Community organisations in Bolton met with the Mayor of Greater Manchester, Andy Burnham, and Deputy Mayor Bev Hughes last week (Friday 14th October), to discuss the impact of the community-led programme in Bolton.
The programme works with young people aged between 10 and 25 to develop projects and activities to address the underlying causes of violence and build aspirations and opportunities for young people. Activity includes targeted sports and arts activity, interactive workshops, and peer mentor sessions, and working with young people and their families to improve relationships.
Interventions have already been delivered to over 822 young people and community members through the Bolton partnership.
Bolton is one of seven boroughs in the city-region to receive funding from the VRU as part of its investment in community-led programmes, outlined in Greater Manchester’s Serious Violence Action Plan. All boroughs will have active community-led programmes by the end of the year.
The community-led programmes enable the VRU to work closely with communities to understand the strengths, challenges, and needs of the community and determine how local investments will be made.
The meeting was held at New Bury Community Learning Centre - re-opened as a result of close working between the Bolton partnership, Bolton Council and Bolton College, to allow for community use in the evenings and at weekends including youth work, dance classes, parent work and a boxing club.
During the visit to New Bury Community Learning Centre, Andy Burnham, Mayor of Greater Manchester said: “To see a community-led programme as established as the one in Bolton is really inspiring. Bolton is evidence of the fact that the community-led approach to violence reduction strengthens relationships and trust between the community and partners from the voluntary and statutory sectors, improves how information is shared and is used to inform decision making, and creates opportunities for integrated working.
“To hear such positive accounts from local young people who have been part of the programme is great, and to witness what can be achieved by local organisations working together is fantastic.
“I look forward to seeing the alliance in Bolton go from strength to strength.”
Bev Hughes, Greater Manchester’s Deputy Mayor for policing, crime, criminal justice, and fire, said: “The community-led programme in Bolton has provided new opportunities for young people who may have been affected by violence or at risk of violence. Young people have formed relationships with positive local role models and been able to engage in positive activity.
“The success of the programme in Bolton and other areas, has paved the way for the development of community-led programmes in every borough of Greater Manchester. We are committed to working with communities to prevent violence and the programme in Bolton is a great example of the success we can achieve together.”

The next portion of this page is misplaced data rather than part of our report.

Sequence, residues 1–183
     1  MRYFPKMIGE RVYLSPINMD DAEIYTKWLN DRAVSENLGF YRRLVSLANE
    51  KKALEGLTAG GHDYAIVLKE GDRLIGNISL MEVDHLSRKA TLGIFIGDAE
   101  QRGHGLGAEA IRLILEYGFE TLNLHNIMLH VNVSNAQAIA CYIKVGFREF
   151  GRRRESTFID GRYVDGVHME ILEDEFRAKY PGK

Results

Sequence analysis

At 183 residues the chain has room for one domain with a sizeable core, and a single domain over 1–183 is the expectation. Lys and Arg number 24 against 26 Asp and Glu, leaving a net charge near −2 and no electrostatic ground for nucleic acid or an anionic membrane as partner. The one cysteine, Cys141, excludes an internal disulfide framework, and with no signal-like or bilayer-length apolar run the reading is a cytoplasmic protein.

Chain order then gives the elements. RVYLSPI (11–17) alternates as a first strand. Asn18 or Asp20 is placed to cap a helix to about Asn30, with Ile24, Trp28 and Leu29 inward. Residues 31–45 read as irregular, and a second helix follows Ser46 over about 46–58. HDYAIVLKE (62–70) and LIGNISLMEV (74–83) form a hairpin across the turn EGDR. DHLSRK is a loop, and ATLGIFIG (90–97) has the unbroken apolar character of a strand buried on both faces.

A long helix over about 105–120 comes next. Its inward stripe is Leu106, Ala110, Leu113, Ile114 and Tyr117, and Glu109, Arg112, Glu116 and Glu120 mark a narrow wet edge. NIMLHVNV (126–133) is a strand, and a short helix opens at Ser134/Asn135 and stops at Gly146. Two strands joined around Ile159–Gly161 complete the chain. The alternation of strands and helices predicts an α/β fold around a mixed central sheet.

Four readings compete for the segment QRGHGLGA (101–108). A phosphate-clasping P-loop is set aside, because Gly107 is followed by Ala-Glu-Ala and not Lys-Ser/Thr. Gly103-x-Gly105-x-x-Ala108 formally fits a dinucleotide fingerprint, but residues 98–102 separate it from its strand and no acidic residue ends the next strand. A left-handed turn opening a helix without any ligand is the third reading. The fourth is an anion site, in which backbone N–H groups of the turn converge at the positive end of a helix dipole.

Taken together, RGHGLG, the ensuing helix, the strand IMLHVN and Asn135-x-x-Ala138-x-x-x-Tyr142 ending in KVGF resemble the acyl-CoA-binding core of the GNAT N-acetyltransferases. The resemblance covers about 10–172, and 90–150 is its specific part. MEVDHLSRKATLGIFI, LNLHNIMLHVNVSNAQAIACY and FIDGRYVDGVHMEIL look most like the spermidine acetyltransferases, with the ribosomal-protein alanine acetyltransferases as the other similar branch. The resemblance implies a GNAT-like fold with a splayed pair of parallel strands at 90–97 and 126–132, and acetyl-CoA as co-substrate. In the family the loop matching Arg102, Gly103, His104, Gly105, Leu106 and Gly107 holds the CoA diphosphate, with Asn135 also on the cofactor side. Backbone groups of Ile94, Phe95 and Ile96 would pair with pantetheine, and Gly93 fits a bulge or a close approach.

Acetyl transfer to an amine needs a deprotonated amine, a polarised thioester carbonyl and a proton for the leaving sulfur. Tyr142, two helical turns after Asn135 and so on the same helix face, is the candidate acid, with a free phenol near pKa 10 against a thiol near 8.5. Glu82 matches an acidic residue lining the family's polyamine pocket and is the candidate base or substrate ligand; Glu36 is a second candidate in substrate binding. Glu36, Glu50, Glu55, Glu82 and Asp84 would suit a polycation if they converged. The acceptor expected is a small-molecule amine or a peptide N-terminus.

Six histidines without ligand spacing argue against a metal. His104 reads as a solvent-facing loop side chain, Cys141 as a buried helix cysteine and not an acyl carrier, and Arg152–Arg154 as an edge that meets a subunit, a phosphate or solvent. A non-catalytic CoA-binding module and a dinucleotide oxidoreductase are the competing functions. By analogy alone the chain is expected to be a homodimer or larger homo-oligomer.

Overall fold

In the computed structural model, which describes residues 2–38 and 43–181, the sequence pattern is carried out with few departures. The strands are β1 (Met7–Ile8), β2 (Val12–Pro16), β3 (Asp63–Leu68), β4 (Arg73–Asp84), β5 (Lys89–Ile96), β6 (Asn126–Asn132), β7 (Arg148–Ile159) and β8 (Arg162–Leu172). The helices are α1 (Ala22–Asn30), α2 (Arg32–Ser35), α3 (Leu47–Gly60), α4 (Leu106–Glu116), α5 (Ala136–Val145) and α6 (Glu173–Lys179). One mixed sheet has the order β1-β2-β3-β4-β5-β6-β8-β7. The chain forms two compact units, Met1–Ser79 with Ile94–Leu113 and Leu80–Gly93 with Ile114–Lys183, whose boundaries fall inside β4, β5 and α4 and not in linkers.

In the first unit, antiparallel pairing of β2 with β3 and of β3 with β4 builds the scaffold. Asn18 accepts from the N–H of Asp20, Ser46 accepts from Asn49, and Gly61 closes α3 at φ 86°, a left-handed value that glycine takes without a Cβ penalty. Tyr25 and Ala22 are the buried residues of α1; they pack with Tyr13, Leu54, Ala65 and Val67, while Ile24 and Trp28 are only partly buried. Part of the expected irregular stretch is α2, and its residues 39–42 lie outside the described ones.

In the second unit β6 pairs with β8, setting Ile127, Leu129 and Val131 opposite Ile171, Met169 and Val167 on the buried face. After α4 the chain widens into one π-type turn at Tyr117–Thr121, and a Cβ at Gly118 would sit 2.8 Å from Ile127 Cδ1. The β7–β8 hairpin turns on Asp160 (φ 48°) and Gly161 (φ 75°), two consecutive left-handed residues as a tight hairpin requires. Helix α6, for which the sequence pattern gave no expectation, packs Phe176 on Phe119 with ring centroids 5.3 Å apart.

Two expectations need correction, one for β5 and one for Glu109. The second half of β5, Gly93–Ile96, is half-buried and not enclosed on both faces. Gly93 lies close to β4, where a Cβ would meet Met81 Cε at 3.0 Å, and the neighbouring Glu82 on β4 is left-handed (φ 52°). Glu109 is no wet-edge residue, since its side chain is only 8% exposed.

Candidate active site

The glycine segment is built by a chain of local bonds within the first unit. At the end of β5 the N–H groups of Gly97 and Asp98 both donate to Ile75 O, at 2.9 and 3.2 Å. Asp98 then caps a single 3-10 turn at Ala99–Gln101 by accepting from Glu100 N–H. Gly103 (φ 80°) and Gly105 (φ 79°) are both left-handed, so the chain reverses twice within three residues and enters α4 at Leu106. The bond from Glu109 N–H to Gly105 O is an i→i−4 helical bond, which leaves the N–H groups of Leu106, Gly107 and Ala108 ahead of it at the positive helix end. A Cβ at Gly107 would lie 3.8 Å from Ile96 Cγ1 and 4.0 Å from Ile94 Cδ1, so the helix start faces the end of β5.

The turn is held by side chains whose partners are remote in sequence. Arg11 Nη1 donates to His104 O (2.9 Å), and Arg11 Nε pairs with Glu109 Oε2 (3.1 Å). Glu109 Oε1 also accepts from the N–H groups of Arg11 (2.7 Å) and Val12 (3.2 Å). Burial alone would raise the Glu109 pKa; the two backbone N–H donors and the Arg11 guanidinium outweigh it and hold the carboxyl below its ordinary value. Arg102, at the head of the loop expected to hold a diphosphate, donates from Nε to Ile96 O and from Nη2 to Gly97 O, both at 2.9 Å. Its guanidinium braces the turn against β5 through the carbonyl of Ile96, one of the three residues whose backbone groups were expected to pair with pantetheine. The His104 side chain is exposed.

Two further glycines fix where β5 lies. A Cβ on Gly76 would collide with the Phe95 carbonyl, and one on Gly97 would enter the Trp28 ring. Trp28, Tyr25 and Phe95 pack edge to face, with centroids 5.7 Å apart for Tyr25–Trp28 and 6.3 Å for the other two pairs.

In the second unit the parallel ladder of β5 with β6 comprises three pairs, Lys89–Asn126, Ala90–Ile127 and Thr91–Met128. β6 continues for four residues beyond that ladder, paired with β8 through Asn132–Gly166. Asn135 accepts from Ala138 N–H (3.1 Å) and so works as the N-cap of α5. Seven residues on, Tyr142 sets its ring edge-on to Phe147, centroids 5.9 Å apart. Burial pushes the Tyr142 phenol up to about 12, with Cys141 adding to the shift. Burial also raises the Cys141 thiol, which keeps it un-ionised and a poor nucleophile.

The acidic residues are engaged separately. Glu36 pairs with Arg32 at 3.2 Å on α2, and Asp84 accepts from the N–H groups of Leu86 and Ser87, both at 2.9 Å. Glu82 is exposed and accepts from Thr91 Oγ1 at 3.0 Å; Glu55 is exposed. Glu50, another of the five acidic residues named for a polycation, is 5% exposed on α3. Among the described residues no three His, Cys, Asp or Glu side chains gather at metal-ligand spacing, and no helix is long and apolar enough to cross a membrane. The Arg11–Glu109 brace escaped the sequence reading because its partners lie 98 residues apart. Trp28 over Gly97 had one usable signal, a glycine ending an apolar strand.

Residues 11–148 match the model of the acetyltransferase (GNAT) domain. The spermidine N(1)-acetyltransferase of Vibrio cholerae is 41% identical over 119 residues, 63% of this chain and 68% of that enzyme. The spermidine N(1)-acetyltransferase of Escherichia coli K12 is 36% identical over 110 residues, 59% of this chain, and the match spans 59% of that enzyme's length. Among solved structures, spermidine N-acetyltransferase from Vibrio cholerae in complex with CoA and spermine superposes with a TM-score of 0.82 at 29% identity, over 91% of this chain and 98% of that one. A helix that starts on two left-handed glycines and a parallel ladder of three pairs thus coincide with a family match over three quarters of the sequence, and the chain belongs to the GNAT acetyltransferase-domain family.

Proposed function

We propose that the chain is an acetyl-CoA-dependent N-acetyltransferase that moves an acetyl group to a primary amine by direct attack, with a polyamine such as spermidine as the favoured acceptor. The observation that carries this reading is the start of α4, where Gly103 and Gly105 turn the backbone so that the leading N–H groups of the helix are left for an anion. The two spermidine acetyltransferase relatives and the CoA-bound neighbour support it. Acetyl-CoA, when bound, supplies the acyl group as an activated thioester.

Bolton Council’s Executive Cabinet Member for Stronger Communities, Councillor Mudasir Dean, said: “We want to give every young person in Bolton the best possible start in life, and a key part of that is making sure they can grow up in safe and secure communities.
“On projects like this, it is essential that we listen to residents in order to build a programme that meets the community’s needs while building on the strengths of the local area.
“The work in New Bury is an excellent example of what can be achieved when we work together, and we will continue to work closely with our partners to make the borough safer for everyone.”
Chantelle Nice, Community Engagement Officer, Elite Boxing, said: “Forming a partnership with other local organisations who really understand the community has allowed us to create even more positive outcomes for young people. The boxing club was developed from scratch using 7 local volunteers one with being professional boxer Jack Flatley who grew up in the area. He is an inspiration to the 150+ young people we have seen through the doors over the past year.
“Without the help from the partnership we wouldn’t have been able to hit the ground running the way we did. The alliance as a whole has been a massive support and the local community are starting to see the positive outcomes with feedback being there are less young people hanging about on the streets and they now have somewhere positive to go with something new to focus on.”
Greater Manchester’s VRU has worked with 10GM – a joint venture of VCSE sector infrastructure organisations in Greater Manchester, and StreetGames – an organisation that uses the power of sport to transform lives and broaden ambitions, to drive forward this programme of work.
To find out more about the work of the Greater Manchester VRU visit Homepage - Greater Manchester Violence Reduction Unit (gmvru.co.uk) or follow @gm_vru on Twitter and Instagram.
Article Published: 17/10/2022 12:57 PM